Clark is an ace reporter. I am not so good at the who, what, where, when, how but then come to think of it I never noticed Clark doing much actual reporting either. For actual play by play of the Medtronic social media event I think there may be more accurate recounting by the folks who were taking notes on laptops. Keep your eyes open I am sure the reports will start flowing in.
Here roughly the outline of the day. I try to add some color commentary:
- Amanda Sheldon, Director Medtronic PR opened and we got her talking and ran into the time that was allotted for:
- Katie Szyman who has been President of the diabetes business unit for a year and a half.
- Lane Desborough who’s title was Product Specialist. He is an engineer who recently joined MM from other larger industrial chemical engineering endeavors following his son’s T1 DX.
- Brad Monosmith introduced an app for that where that is diabetes and the long arm of the law keeps the device and the app from talking to each other.
- We took a picture:
- We talked more about a closed look and connectivity With Lane and Todd Robin director of CGMs.
- Dr Francine Kaufman spoke from clinical and medical research perspective and shared some research on a pump in Europe that turns off insulin with hypos. Due to certain Minister of Magic regulations we’ll just call it the Pump the Can Not Be Named. (I’m kidding FDA, it was a Joke, no need to call out the Dementors from the IRS)
- Dr. Richard Rubin of Hopkins talked about diabetes burnout. Great stuff. One key point - Joking around about diabetes is good (that FDA as the dark arts bit was strictly medicinal I swear! Oh wait that means I need to wait years for clearance before using it...)
- There was a cool tool tour of the sensor manufacturing plant.
We interrupted and talked over everyone of these folks and led them down all kinds of digressions. Scott Johnson drank all the diet Dr Pepper.
Probably the most shocking utterance was early in the day when Lane used a dirty word:
Yeah I know! The nerve of that guy. It sets off all kinds of emotional responses doesn’t it? But he didn’t mean it like ‘you diabetic scum need to be compliant and be in range all the time - how hard can it be? what the heck is wrong with you.’ He used it as an engineer.
Engineers speak a different language. To them control isn’t profanity. It is a process of transferring variability from one place to another. In the diabetes case to transfer some variability in blood glucose to variability in electrical current. Then to use that electric variation as feed back to have an impact on BG. He went on to talk about the success of that transfer in two time frames; first the moment and second over time. It was all very geeky and since I am a little geeky I thought it was all very fascinating.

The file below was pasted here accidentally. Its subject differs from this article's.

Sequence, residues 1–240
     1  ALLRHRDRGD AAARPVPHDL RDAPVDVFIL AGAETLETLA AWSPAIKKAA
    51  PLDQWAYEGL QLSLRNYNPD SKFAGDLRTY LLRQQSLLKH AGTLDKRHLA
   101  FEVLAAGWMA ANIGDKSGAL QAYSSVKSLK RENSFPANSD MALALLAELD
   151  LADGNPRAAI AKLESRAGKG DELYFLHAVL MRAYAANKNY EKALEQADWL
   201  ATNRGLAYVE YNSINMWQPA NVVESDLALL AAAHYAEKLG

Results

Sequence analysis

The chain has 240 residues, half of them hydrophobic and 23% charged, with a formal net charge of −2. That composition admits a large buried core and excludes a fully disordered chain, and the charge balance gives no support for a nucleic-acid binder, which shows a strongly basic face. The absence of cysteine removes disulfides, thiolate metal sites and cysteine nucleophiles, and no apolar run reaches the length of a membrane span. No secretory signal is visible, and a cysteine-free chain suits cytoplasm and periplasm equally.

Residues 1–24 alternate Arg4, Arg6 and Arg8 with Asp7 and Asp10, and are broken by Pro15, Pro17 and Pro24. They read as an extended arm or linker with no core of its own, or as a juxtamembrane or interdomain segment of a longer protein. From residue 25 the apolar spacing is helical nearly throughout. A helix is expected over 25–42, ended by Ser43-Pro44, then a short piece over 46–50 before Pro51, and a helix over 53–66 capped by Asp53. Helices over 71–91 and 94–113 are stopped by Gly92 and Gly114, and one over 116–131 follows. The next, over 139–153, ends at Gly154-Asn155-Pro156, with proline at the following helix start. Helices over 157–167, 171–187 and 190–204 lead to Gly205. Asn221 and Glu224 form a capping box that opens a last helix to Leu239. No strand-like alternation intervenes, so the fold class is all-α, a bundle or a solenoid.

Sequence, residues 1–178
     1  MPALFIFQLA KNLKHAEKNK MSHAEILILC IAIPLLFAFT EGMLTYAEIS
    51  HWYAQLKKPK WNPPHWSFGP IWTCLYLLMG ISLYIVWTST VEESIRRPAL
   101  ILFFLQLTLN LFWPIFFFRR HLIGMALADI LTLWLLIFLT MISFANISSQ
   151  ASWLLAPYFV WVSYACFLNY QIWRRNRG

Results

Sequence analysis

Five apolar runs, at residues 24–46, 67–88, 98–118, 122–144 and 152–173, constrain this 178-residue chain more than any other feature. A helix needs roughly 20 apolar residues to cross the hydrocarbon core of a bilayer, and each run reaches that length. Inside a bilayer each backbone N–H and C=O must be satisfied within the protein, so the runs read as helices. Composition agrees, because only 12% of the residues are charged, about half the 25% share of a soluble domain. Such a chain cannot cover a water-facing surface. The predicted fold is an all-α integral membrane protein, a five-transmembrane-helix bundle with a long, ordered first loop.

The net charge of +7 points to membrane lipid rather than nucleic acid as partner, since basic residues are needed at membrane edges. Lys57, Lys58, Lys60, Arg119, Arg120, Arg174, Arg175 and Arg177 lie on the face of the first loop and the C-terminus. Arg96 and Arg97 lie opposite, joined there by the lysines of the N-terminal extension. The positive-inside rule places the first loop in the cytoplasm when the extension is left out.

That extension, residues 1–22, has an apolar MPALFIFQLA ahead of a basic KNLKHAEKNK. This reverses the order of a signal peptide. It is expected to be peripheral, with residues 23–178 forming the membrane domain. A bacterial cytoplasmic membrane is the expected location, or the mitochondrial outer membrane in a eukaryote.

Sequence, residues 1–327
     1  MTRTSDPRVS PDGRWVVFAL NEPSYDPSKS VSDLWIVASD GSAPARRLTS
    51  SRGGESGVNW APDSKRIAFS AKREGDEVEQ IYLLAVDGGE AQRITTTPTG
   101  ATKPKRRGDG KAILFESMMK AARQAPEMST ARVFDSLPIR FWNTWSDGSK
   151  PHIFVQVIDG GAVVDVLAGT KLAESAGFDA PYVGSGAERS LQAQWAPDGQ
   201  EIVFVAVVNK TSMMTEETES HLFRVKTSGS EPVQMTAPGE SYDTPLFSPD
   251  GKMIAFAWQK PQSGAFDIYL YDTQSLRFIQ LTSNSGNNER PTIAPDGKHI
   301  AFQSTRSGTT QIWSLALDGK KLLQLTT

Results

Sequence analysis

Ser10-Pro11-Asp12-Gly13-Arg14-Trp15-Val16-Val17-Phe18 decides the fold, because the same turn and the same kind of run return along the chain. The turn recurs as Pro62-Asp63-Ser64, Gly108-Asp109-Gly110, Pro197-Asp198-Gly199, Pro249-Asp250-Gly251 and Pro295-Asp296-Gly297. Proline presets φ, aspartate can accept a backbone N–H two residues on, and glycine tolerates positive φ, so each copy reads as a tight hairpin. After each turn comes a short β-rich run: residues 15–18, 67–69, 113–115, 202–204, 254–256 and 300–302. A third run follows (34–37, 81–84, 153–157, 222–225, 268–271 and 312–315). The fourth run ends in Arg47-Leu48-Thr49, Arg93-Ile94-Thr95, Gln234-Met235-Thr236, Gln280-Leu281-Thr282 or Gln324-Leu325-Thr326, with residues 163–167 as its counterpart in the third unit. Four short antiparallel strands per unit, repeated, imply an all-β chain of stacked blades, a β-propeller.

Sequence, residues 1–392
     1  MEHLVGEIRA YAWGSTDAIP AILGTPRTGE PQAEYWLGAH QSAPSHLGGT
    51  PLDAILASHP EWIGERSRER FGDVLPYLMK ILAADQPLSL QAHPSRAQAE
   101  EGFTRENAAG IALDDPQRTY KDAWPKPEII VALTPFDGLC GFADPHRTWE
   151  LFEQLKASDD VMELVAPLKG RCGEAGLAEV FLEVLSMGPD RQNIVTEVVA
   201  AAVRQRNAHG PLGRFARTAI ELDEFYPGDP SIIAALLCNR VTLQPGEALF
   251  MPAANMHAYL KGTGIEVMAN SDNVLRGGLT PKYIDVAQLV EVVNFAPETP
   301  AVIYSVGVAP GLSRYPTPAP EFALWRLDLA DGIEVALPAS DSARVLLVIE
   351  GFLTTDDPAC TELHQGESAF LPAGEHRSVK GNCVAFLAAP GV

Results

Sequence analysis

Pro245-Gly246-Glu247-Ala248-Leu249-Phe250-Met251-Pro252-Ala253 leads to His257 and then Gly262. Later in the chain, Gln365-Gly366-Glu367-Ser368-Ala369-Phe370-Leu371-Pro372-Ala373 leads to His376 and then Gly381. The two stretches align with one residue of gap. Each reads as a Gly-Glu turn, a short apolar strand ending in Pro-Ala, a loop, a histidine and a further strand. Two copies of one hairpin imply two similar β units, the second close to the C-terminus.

More fascinating was the idea that some problems have been solved in other disciplines and those solutions can be transferred to diabetes care. Engineers transfer variability in large complex refineries to systems that manage outcomes in the moment and over time. It keeps the plants from blowing up. Possibly the algorithms, logic and processes used there can be brought to bear on the reality of your diabetes varying.
That I found this interesting is proves what I said, I am a geek at heart. So is Lane because he appreciated the need to minimize the space on a kids’ Bat Belts (and bat bellies) for all the stuff this may involve.
Somewhere in all this we got a first pass at the idea of data standardization. Since Bernard (BandYard) Farrell missed his flight to to a snow storm, the rest of us were more than happy to provide a little of the open honest feedback our Medtronic hosts were looking for. I happen to have ranted about data standards a bit, not as long as Bernard. He is the patients’ Superman of Data Standardization. I am more of the Jimmy Olsen on the beat. When I get into trouble he saves me. Interestingly the engineers seemed to agree that data standards would be valuable and I don’t know that the business / lawyers side of the equation feels the same way. I am fairly confident Medtronic heard the standards message, more than once. It is one of the messages I was there to share.